Who Were The Zealots?

 


In my last post, I mentioned several facts about the Essenes. In this post, I want to examine some things about the group that is often called the "Zealots" from the first century. As with the Essenes, the Bible says very little about this group of people. Despite this, understanding this group can help us understand the climate of the first century in this part of the world, and thus improve our understanding of the Gospels as a whole. Here are five things we should know about the group of people who are often called "Zealots."

First, we should understand that there probably wasn't a particular party known as the "Zealots" in the days of Jesus, unlike the Pharisees and Sadducees, which were recognizable. There were, to be sure, loose movements of people who opposed Rome's rule, but the name "Zealot" likely didn't come to refer to a specific group of people until the Jewish Revolt of 66-73 AD. Although the title wasn't there, Josephus traces the origin of this group back to the revolt of Judas the Galilean in 6 AD. This is probably correct in a loose sense.

Second, a common thread among those who could be called "Zealots" was a zeal for the Jewish land and way of life. They were opposed to any kind of Roman rule, and many appear to have considered paying taxes a form of recognizing Roman rule. It should be understood that the Zealots, as much as they could be recognized, did not want anything to do with Romans in their land. It is because of their conviction that the land rightly belonged to the people of Israel, and that Rome was wrongly occupying the land that they fought. They probably longed for the glory days of King David. Their views on the Messiah could have varied, but there appears to be a common thread that those who believed in a Messiah believed in a military Messiah.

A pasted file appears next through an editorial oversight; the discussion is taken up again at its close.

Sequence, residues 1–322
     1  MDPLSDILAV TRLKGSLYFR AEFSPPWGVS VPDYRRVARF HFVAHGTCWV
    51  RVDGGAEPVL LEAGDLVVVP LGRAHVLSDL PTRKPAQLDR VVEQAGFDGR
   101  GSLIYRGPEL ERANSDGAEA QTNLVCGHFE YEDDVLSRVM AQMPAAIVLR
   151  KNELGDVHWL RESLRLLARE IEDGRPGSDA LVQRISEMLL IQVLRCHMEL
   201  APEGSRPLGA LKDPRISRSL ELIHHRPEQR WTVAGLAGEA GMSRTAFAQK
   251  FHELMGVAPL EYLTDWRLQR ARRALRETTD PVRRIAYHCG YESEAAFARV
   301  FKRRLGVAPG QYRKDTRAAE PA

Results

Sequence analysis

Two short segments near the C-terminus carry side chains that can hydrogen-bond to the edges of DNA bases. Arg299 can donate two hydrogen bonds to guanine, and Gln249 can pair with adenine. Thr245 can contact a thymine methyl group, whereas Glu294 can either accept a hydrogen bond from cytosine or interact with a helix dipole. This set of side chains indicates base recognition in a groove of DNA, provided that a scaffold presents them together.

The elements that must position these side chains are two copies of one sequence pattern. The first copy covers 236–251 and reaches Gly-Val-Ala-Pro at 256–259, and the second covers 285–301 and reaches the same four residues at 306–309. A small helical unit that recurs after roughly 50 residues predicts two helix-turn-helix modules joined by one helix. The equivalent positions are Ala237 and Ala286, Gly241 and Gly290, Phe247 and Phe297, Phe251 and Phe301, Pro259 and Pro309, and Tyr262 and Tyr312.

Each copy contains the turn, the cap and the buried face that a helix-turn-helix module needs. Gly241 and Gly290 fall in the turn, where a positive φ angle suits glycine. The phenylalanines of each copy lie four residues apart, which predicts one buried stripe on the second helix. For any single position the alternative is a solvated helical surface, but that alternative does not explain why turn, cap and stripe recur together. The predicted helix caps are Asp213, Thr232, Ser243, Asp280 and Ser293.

Third, subgroups of the Zealots existed. One such subgroup was known as the Sicarii. The Sicarii were well known for sneaking around with daggers under their cloaks and stabbing to death anyone who they believed were sympathizing with Rome. They would then disappear into the crowds, often without getting caught. The Sicarii were not the only subgroup, but they are one of the more significant subgroups.

Fourth, it appears that, at least for most of their existence, the groups that could be identified as Zealots utilized guerilla warfare. That is, they would not engage Rome directly in many cases. Rather, they would set up ambushes or use similar tactics when attacking Roman soldiers and sympathizers. It does not appear that they would face Rome head on when they could avoid it. This tactic proved useful at times. Ultimately, though, the Zealots would be crushed by the power of the Roman army.

Finally, Jesus had a disciple called Simon "the Zealot." We have to remember, though, that the Zealots as a party really came to be recognized around the time of the Jewish Revolt, so whether Simon was part of a group that was formally called "Zealot" is debatable. However, this does bring up an interesting dynamic to the disciples of Jesus. A zealot would have been diametrically opposed to a Roman tax collector. Yet Jesus had both a zealot and a tax collector in his band of disciples. This would have definitely caused tension, but apparently Jesus was able to bring the two of them together. The lesson that we, as Christians, should take from this is that we are to be united around the Person of Jesus, even when we come from diametrically opposed backgrounds. 

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